Salary Negotiations: Speak Up to Get Paid What You’re Worth

Salary Negotiation

I recently had my annual salary review with a wonderful new boss, who manages our team from afar. He’s 4,000 miles away, so the meeting had to be done remotely through Skype.

Just some background, the company that I worked for was bought by a much bigger company that’s headquartered in Europe a year ago. Since then, my role was reduced from a Tech Lead with big project responsibilities to a regular software developer working on a small piece of the pie. I’m relatively a new employee as far as his division is concerned.

To facilitate the meet, a small iPad had been set up in the middle of the big conference room with my boss’ lively face occupying the entire screen, which made the encounter very awkward and convenient at the same time— the iPad can be thrown into a nearby trash can if I didn’t get any raise, lmao!

Kidding aside, the meeting started with some small talk with my boss who also complimented me for my valuable contributions to the project.

Everything was cool until he uttered the following statement…

“Unfortunately, the company is currently undergoing some restructuring. Salary raises across the board is minimal this year.”

He then broke the not so good news, “Your current base pay is 120K. That will increase to 121K effective April… But we do have a bonus this year.”

It doesn’t take a genius to know that a sub 1% pay increase won’t even keep up with inflation, which averages at 3%. But being the polite person that I am, I thanked him for the raise.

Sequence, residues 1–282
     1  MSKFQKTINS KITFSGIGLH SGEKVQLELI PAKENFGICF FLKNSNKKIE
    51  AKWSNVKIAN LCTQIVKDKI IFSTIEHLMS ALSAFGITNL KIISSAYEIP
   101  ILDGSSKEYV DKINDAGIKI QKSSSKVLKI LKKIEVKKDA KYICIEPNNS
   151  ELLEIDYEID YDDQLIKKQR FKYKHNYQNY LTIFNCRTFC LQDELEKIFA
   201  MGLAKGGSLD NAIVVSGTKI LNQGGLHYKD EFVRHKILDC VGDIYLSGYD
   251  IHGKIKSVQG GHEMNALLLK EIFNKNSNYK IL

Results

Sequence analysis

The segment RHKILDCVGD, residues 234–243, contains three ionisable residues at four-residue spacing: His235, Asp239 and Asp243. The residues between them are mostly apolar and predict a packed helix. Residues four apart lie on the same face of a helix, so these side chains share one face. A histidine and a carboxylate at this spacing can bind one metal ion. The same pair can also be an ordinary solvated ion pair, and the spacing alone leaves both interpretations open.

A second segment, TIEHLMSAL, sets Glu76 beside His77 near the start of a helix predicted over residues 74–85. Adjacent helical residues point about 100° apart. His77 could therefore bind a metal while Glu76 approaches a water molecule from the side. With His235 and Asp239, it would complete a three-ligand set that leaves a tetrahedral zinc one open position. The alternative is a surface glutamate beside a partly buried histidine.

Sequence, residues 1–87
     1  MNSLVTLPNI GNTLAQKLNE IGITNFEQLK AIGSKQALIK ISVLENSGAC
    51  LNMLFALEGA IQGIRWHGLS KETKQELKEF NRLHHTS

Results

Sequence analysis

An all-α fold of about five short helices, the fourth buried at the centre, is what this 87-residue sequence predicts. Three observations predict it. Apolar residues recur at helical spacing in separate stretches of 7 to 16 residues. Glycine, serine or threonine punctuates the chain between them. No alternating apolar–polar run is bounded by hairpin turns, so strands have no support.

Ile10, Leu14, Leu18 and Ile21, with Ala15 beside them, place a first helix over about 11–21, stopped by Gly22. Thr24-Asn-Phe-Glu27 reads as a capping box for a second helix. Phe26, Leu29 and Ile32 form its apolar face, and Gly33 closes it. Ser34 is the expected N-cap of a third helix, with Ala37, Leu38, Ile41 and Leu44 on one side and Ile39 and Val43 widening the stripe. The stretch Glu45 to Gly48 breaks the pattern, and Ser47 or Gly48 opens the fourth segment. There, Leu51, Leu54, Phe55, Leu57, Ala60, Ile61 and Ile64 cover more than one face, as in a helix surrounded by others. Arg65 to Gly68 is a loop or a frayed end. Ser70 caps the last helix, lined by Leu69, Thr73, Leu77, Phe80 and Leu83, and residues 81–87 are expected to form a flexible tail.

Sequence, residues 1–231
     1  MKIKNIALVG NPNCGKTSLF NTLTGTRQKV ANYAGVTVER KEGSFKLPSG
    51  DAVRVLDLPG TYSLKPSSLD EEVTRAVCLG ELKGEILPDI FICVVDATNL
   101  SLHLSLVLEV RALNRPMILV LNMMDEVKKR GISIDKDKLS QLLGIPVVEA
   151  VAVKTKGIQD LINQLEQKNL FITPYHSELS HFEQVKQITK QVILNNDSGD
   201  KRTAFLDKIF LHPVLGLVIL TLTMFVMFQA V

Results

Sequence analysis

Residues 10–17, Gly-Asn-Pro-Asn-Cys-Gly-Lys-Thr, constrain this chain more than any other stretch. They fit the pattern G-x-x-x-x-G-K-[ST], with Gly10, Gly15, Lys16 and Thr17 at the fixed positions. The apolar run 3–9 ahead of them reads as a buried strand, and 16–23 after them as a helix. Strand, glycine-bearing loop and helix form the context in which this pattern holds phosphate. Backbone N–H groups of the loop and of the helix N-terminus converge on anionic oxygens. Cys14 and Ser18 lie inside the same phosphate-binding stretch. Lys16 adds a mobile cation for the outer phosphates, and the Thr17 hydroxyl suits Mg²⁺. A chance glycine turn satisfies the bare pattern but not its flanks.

Sensing that I’m not really happy, he added, “You started at the top of the pay grade.”

“Ummm… I’m actually on top of the pay grade for a reason,” I replied.

“Modesty aside, I was the one who led the design and implementation of the highly sought order management system. I also architected the underlying web security infrastructure. It was one of the reasons my old company was acquired last year,” I proudly added.

He then put me on hold for a minute which felt like an eternity.

Moments later, he responded, “I’ll definitely take note of that. We’ll see what the budget next fall looks like.”

Of course, I didn’t expect to get my desired raise on the spot. But I’m confident I will next time. I’m glad that I spoke up.

The thing is, you’re not paid by what you’re worth— only you know that. You’re paid what your company thinks you are worth. So one should clearly communicate one’s value to the company.

I’m keeping my fingers crossed.

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